A Precedent is in most legal systems a binding ruling by an authorized Higher court which sets a framework for future cases with identical or at least very similar conditions and circumstances. Most published Precedents consist of the ruling itself and a detailed explanatory annotation to how and under which conditions this ruling should apply to future cases. A formal Precedent is seen as the application of the applicable laws and rules to a particular combination of conditions and circumstances. In future cases, the parties involved can plea to have this Precedent applied to the case at hand, or of course, argue that conditions and circumstances differ to the extend that this Precedent should not apply to this particular case.
In principal, a Precedent is valid until it is either overruled by a higher legal authoritative institution or when a Precedent is developed which specifies further conditions and circumstances to which it should apply. Depending on the legal system, the authoritative value Precedents can vary but most countries only accept rulings by Higher Courts as binding authoritative Precedent, referred to as Case Law. Rulings by Lower or Common Courts can be applied to similar cases but have no binding authoritative value, meaning that they are not binding for the Courts.
Beside the legal way of creating and applying Precedent Rulings and Cases, there is also the practical variation of Precedent Cases. In such practical Precedents, there is no actual ruling by a Court on the particular case. What is referred to as the Precedent is the mode of operation, actions and activities or lack thereof by a certain party under certain circumstances and conditions which would, following the principals of the Legal application of Precedents, also apply to other parties which conducted in the same manner and under the same or similar conditions and circumstances. Although such practical Precedents are not documented and annotated, it is common practice to argue that when Party A can or can not, then Party B can or can not as well under the same conditions.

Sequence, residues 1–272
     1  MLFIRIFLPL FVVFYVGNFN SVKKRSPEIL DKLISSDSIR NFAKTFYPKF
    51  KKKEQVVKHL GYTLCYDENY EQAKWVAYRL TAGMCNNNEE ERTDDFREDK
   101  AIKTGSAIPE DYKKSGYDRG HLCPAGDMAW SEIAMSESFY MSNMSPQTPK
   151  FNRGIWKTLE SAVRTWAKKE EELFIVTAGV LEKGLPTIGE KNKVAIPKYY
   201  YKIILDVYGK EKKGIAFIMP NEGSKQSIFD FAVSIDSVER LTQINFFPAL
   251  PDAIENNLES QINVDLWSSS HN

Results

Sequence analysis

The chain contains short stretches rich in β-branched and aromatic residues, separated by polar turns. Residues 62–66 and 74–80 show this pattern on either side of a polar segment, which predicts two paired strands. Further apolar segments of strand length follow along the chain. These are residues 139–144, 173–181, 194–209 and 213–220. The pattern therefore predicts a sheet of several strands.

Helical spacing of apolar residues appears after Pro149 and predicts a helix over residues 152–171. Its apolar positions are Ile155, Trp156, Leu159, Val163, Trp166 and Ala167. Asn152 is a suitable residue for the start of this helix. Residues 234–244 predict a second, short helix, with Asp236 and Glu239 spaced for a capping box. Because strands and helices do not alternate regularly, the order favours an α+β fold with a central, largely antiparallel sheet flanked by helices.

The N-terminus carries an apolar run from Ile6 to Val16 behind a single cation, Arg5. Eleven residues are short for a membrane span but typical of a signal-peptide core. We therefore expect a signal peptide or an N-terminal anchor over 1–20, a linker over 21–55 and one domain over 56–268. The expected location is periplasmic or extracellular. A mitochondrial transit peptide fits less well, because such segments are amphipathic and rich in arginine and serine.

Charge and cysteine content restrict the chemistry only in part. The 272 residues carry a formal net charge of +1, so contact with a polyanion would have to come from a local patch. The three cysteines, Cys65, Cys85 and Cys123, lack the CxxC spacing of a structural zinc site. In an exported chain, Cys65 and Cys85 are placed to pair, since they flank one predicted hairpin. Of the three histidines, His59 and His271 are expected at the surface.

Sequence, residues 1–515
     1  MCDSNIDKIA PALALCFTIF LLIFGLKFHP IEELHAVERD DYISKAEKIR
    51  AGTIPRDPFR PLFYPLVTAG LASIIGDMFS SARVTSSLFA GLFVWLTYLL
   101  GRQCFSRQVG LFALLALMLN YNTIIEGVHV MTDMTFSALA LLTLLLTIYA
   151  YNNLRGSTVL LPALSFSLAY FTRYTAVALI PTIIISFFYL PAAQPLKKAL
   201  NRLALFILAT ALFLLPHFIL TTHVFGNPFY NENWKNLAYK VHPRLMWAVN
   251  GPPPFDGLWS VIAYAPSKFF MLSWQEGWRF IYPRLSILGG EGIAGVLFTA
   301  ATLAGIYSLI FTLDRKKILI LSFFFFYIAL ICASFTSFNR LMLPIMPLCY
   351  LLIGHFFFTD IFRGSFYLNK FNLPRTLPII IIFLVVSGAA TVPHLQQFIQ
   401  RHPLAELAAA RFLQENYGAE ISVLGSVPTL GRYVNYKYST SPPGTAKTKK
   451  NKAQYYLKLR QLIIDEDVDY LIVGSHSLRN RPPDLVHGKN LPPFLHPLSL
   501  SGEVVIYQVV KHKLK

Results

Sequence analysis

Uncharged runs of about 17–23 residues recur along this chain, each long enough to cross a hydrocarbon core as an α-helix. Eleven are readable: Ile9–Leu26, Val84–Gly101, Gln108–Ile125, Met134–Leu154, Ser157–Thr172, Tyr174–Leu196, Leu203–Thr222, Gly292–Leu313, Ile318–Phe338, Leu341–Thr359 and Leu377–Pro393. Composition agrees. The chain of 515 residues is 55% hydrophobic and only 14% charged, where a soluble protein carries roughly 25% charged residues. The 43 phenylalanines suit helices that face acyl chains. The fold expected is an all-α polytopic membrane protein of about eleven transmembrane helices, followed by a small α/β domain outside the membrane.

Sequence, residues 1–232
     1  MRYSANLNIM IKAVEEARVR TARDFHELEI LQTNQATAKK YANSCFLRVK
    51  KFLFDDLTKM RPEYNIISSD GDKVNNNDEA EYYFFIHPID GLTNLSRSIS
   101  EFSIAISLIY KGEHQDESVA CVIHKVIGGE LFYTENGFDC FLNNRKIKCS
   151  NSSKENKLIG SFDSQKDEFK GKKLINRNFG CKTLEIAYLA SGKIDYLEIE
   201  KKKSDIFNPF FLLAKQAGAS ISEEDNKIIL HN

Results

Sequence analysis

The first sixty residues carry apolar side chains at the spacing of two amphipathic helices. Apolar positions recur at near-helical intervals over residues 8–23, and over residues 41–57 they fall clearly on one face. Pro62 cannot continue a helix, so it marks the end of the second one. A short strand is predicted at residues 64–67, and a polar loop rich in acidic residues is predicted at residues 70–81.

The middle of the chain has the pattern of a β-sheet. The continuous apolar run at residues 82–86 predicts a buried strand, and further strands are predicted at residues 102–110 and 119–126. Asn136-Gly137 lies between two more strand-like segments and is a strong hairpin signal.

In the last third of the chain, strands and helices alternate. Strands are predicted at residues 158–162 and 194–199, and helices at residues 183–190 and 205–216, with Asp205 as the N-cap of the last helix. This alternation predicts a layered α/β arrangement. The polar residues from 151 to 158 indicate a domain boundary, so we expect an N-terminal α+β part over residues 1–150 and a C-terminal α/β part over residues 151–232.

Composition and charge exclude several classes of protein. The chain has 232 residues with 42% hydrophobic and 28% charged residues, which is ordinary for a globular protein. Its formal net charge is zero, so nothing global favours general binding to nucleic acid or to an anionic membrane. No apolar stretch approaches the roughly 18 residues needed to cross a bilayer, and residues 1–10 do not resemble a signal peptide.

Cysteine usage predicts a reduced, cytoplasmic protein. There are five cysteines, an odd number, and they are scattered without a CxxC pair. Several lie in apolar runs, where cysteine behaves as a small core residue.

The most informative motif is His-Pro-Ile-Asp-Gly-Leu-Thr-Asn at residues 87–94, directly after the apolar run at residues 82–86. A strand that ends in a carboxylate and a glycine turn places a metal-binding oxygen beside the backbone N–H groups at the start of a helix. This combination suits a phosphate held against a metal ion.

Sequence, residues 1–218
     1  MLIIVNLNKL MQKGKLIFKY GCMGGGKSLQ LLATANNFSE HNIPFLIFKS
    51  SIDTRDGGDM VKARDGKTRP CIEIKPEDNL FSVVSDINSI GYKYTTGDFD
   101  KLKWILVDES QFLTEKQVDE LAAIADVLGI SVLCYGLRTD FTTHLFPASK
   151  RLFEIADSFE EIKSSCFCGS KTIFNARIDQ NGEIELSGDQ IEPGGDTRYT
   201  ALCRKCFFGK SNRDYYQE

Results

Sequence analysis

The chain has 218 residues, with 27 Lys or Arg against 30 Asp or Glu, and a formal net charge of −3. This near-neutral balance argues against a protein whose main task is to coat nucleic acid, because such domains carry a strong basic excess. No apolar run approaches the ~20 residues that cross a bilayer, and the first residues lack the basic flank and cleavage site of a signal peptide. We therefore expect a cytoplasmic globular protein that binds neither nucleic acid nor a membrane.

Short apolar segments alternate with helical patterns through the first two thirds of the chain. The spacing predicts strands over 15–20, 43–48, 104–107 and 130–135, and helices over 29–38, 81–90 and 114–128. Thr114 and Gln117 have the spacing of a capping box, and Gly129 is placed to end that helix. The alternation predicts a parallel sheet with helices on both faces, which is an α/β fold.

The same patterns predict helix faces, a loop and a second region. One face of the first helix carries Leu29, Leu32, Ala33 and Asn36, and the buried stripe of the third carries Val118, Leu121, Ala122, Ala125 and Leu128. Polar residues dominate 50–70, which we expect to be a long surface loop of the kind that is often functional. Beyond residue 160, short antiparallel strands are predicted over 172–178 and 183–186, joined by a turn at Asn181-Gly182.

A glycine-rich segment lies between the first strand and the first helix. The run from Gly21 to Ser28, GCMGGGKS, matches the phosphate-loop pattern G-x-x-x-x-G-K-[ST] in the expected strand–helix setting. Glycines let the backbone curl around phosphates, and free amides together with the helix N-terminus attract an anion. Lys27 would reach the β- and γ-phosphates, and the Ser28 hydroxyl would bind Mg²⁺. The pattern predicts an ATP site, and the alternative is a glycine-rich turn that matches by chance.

What is commonly referred to as the “Kosovo Precedent”, actually consists of 3 components:
- The advisory opinion on the Unilateral Declaration of Independence by Kosovo by the International Court of Justice.
- The practical Precedent created by the deployment and use of foreign military force to implement the Unilateral Declaration of Independence by Kosovo.
- The practical Precedent created limiting the jurisdiction of the responsible Tribunal to the native forces, individuals and authorities involved in the conflict and thereby excluding the foreign forces involved in the conflict from the jurisdiction of the responsible Tribunal.
Continue reading The Kosovo Precedent and what it means for Donbass and the rest of the world!
When Nazi-Germany attacked Europe, it had clearly separated strategies for Western Europe and Scandinavia on the one hand and Eastern Europe on the other hand. The Western European Nations were to be conquered and submitted under the rule of German Supremacy and cleansed of all unwanted populations, the so called “subhumans”. The strategy of Nazi-Germany for Western Europe and the Scandinavian countries was based on the believe that the population would rapidly accept the German rule and the Arian-supremacy. For Western Europe and Scandinavia, Nazi-Germany set out these objectives:
- Cleans all countries of unwanted “subhuman” population.
- Submit France, Belgium, The Netherlands, and Scandinavia in a Blitz-Krieg and place these countries under German ruling with focus on acceptance of being part of the 3rd Reich.
- Defeat England within 6 months.